10

two personal experiences as evidence of this trend – one done right, the other horrendously wrong. I recently showed two of my past features in a class, both of which were released on Blu-ray, and both of whose initial print releases I was able to have supervised. I hadn’t seen either of the films in years. I was pleasantly surprised when I put the first Bluray in the player and it looked quite good, presented on a large digital display at the school. When it came time to see the second film, one I was extremely proud of, I was appalled at what spit out before my eyes. My first thought was: “Whoever remastered this film must have been blind!” To take a dark, mob-infested story and make it look like an old-fashioned TV comedy seemed criminal. I would understand if the original artist were no longer alive; but I’m clearly still here (and quite upset)! It makes no sense for a company that spends money finding the original film elements, re-masters the project, and markets a home release to the public, to not want to potentially maximize every aspect of its effort. I don’t know a single cinematographer who wouldn’t jump at the opportunity to recreate and enhance the work he or she spent so much time and effort creating. It only says to me that the producers and companies involved in this part of our industry have no idea of the value of the work that we do. Any project that is re-released or remastered for different markets represents the work of every single union crewmember, not just Local 600, of course; and the visual quality of that product is directly proportional to our careers and earning potential in many ways. Technology is developing to help with these kinds of situations – the use of color-management systems like ACES and the ASC-CDL system, and advanced HDR displays on set, may well be game-changers in our quest to preserve creative intent. But whatever new technology comes down the road, it all begins with the respect and affirmation of the value of the work of Local 600 members, indeed every union crew person, and their essential contribution. What’s good and right for one cinematographer’s work is good for all.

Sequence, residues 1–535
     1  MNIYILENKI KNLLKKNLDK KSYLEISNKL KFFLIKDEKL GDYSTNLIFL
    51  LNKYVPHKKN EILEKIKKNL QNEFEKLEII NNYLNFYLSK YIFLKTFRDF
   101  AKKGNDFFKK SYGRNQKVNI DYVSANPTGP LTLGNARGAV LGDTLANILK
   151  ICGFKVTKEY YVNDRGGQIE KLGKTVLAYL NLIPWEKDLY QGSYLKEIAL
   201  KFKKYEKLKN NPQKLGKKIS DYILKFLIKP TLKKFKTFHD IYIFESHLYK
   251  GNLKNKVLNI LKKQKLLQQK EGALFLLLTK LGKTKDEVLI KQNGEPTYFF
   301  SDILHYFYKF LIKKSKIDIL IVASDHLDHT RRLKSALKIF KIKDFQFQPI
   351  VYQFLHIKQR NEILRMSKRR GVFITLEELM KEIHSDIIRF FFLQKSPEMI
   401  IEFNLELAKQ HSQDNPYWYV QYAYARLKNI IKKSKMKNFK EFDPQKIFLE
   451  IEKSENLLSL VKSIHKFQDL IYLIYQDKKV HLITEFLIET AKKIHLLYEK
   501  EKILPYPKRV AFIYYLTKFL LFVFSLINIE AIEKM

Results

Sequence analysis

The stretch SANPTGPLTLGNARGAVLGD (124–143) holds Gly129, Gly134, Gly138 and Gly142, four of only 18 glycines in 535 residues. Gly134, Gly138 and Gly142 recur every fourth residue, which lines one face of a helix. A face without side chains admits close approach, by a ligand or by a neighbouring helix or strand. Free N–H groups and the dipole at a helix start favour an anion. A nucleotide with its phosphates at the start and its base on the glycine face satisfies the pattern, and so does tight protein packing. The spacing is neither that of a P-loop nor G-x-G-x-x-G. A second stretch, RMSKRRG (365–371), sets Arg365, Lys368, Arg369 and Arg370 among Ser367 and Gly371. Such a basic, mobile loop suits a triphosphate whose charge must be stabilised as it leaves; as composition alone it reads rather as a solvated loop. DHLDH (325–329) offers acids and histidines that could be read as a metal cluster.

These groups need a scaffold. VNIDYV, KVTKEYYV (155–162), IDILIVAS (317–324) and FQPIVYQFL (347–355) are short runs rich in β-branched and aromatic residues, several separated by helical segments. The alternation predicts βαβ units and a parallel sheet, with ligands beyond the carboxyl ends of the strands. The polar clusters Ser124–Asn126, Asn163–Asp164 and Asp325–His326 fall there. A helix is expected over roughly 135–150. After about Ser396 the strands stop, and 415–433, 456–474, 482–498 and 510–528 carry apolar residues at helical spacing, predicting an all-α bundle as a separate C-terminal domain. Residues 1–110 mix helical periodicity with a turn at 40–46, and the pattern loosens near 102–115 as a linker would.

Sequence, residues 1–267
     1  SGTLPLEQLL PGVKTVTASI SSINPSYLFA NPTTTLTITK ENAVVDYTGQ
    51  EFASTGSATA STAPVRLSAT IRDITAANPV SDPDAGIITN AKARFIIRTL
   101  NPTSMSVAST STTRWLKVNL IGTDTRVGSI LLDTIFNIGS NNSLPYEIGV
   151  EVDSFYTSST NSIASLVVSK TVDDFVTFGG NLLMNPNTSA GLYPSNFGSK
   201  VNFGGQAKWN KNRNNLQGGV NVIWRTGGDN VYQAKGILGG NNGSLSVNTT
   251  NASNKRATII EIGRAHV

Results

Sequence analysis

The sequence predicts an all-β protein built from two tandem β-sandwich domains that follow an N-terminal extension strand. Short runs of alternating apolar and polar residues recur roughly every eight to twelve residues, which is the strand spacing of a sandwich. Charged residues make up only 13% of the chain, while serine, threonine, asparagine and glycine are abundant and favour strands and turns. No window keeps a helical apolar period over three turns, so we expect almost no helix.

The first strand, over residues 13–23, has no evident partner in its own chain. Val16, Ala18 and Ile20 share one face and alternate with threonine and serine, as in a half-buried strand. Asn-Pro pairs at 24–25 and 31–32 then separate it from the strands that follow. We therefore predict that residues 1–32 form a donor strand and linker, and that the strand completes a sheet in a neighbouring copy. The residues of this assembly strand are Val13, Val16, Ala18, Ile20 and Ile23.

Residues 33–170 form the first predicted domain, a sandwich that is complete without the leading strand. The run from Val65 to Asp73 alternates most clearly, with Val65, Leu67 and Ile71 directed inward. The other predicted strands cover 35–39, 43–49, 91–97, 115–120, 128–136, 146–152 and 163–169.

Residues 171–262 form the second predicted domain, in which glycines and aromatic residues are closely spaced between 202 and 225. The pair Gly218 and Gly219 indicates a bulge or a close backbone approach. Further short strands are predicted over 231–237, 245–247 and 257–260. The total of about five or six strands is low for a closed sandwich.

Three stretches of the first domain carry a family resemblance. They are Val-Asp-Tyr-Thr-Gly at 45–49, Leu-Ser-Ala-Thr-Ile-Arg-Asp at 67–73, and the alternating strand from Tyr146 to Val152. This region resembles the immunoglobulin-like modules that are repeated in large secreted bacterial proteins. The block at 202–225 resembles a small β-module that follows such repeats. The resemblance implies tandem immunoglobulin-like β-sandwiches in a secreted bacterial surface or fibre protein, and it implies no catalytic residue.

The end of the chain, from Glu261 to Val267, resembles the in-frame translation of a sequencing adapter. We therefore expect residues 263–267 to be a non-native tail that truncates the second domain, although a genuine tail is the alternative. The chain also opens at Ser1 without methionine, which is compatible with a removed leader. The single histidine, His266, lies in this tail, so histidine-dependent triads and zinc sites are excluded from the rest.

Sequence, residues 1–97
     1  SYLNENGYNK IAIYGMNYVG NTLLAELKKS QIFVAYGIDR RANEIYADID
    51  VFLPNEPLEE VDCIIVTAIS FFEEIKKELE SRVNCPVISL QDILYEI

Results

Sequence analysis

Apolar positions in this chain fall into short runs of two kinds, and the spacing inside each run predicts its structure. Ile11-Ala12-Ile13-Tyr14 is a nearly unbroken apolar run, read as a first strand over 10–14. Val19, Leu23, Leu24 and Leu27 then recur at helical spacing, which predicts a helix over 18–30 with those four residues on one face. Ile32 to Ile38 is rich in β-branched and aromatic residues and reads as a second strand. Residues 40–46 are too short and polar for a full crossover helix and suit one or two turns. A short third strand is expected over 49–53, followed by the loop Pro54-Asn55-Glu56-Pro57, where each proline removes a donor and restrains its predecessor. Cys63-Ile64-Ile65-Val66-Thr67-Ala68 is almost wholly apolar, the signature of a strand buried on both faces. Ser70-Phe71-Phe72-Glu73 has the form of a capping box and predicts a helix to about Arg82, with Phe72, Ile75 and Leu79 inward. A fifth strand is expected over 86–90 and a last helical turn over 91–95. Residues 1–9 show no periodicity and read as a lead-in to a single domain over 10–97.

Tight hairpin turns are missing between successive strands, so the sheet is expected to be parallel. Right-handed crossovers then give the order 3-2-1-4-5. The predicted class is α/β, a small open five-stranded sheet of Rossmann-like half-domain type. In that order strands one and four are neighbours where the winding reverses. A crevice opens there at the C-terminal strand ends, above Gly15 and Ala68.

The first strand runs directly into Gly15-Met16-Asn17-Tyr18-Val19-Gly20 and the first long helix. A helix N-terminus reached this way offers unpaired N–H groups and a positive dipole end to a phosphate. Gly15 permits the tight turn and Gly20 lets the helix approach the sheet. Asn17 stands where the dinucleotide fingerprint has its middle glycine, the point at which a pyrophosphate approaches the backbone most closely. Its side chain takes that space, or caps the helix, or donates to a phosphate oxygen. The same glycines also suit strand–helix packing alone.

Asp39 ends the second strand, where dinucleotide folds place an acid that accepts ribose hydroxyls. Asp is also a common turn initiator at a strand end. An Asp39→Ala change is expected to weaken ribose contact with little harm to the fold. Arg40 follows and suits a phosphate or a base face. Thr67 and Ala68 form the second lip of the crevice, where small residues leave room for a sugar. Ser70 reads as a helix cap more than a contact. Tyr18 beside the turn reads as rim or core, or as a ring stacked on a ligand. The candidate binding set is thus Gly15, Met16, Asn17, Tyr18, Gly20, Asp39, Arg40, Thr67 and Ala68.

Steven Poster, ASC National President International Cinematographers Guild IATSE Local 600


M4-AXIS ATGIMBAL RIX


December 2018 vol. 89 no. 10

Publisher Teresa Muñoz Executive Editor David Geffner Art Director Wes Driver EDITORIAL ASSISTANT Tyler Bourdeau STAFF WRITER Pauline Rogers ACCOUNTING Glenn Berger Dominique Ibarra COPY EDITORS Peter Bonilla Maureen Kingsley CONTRIBUTORS Ted Elrick Matt Kennedy Margot Lester Kevin Martin

INTERNATIONAL CINEMATOGRAPHERS GUILD Local 600 IATSE NATIONAL PRESIDENT Steven Poster, ASC NATIONAL VICE-PRESIDENT Heather Norton 1ST NATIONAL VICE-PRESIDENT Paul Varrieur 2ND NATIONAL VICE-PRESIDENT John Lindley, ASC NATIONAL SECRETARY-TREASURER Eddie Avila NATIONAL ASSISTANT SECRETARY-TREASURER Douglas C. Hart NATIONAL SERGEANT-AT-ARMS Christy Fiers NATIONAL EXECUTIVE DIRECTOR Rebecca Rhine

PUBLICATIONS & PUBLICITY COMMITTEE Spooky Stevens, Chair

CIRCULATION OFFICE 7755 Sunset Boulevard Hollywood, CA 90046 Tel: (323) 876-0160 Fax: (323) 878-1180 Email: circulation@icgmagazine.com

ADVERTISING REPRESENTATIVES WEST COAST & CANADA Rombeau, Inc. Sharon Rombeau Tel: (818) 762 – 6020 Fax: (818) 760 – 0860 Email: sharonrombeau@gmail.com EAST COAST, EUROPE, & ASIA Alan Braden, Inc. Alan Braden Tel: (714) 846 – 7147 Fax: (714) 846 – 8271 Email: alanbradenmedia@gmail.com